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Reuters reports that a US federal court judge has refused to temporarily block a $4 billion dividend payment to its shareholders in advance of the company's proposed acquisition by Kroger.

According to the story, "The federal court in Washington D.C. denied issuing a restraining order in the case, which was filed by the attorneys general of California, Illinois and Washington D.C and sought to block the payout until antitrust reviews of the proposed merger were completed."

However, Albertsons still faces an obstacle in Washington State, where a state court "barred Albertsons from paying the special dividend until Nov. 10, saying that it would weaken its ability to compete as the antitrust reviews go on.

"'"By eliminating its cash-on-hand and nearly doubling its debt, Albertsons will be in a weakened competitive position relative to Kroger, thereby harming grocery consumers and workers throughout Washington,' State Court Commissioner Henry Judson wrote in issuing that temporary restraining order."

In a statement issued yesterday, Albertsons said that it "continues to seek to overturn the existing temporary restraining order granted by the Washington State Court on November 3, which was based on the incorrect assertion that payment of the Special Dividend would impair the Company’s ability to compete while its proposed merger (the “Merger”) with The Kroger Co. (“Kroger”) is under antitrust review. This order, which restrains the Company from paying the Special Dividend, remains in effect until November 10, 2022, unless within that time, an order is entered extending or dismissing the temporary restraining order.

"Albertsons Cos. continues to maintain that the lawsuit brought by the State of Washington is meritless and provides no legal basis for canceling or postponing a dividend that has been duly and unanimously approved by Albertsons Cos.’ fully informed Board of Directors. After payment of the Special Dividend, Albertsons Cos. will have approximately $3.0 billion of liquidity, including approximately $500 million in cash and approximately $2.5 billion available under its already existing asset-based lending facility, and expects to continue to generate strong revenues and positive free cash flow, further increasing liquidity. Albertsons Cos. is confident that it will continue to make strategic progress following the payment of the Special Dividend, given its strong cash flows and low debt profile.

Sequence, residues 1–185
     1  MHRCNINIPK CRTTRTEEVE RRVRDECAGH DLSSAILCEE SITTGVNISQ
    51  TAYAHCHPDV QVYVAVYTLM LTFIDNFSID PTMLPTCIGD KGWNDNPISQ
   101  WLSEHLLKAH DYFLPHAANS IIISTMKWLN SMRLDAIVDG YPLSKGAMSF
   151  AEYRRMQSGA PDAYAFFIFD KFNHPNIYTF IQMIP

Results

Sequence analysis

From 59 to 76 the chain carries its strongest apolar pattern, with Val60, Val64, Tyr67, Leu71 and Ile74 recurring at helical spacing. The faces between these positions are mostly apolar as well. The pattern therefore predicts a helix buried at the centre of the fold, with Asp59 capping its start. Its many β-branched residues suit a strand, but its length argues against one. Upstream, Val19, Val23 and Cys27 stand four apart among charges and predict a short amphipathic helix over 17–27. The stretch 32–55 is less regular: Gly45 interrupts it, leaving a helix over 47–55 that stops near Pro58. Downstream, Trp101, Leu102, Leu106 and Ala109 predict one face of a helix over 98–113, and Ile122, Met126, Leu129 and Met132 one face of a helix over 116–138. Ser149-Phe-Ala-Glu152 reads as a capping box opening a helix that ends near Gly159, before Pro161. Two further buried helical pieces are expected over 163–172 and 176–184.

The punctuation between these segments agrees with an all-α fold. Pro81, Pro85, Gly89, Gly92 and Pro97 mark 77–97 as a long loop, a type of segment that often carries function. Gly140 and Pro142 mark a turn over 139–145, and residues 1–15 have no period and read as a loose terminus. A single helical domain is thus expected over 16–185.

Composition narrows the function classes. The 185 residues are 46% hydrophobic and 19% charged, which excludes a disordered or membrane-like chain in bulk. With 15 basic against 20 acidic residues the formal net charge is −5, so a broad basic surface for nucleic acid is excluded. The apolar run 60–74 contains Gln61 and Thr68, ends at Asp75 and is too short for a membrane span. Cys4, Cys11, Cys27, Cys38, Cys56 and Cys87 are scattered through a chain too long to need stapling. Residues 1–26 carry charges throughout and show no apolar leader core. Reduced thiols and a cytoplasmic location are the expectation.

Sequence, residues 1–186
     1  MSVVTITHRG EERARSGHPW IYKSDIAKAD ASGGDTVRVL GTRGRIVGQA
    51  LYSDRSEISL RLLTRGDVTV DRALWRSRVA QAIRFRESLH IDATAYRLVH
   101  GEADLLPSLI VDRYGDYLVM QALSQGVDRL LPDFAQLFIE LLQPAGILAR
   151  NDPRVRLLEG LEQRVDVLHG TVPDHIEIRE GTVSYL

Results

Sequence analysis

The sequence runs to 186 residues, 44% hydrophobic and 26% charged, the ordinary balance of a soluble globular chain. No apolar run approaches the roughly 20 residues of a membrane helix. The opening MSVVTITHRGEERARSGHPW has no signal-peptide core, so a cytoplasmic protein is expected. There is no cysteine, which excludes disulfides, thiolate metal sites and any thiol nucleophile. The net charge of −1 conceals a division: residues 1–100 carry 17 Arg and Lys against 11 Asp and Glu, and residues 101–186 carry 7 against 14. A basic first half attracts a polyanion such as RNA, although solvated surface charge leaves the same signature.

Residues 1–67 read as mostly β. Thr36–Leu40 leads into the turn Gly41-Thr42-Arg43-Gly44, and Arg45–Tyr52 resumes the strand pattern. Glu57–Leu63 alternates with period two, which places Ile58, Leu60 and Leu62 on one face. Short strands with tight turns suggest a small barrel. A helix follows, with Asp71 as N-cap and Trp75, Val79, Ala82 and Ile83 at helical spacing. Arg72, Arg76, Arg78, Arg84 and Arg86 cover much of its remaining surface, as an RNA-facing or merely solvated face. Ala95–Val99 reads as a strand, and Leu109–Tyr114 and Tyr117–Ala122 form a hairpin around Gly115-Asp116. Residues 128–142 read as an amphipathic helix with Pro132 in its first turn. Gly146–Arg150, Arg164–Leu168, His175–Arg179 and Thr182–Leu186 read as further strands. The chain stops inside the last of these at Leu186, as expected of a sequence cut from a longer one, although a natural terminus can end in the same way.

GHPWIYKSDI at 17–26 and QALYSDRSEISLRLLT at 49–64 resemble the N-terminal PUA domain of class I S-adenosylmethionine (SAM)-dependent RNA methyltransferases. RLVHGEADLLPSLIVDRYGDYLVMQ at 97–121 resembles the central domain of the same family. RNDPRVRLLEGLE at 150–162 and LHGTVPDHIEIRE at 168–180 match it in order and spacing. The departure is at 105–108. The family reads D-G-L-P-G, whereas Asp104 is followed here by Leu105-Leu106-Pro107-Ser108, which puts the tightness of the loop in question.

"The Company remains fully committed to investing in the associates, stores, and digital capabilities that have made its recent growth and strong performance possible."

KC's View:

Even if the courts allow the dividend payment, Reuters notes, there still is considerable resistance to the deal:  "Last week, 26 organizations, including the retailers' biggest unions and antitrust experts called on the FTC to block the merger, saying it would exacerbate inequality through job losses and eroding wages at a time of high inflation."

Let's assume, just for the sake of argument, that the dividend payment is allowed.  And then, assume the merger process continues, with all sorts of regulatory and legislative examination of the rationales behind it.

I wonder if at any point during the process it will be argued that one of the reasons Albertsons has to be acquired by Kroger is that it simply is not competitive - against Walmart and Amazon - on its own.  Will it be pointed out that at this point in the process, Albertsons was arguing that it could continue to be competitive even by paying the $4 billion dividend?

There is a lot of arguing and debating still to take place about this deal.  I'm not sure how I feel about it, to be honest, but I do think it is important to keep track of both the questions and answers going forward.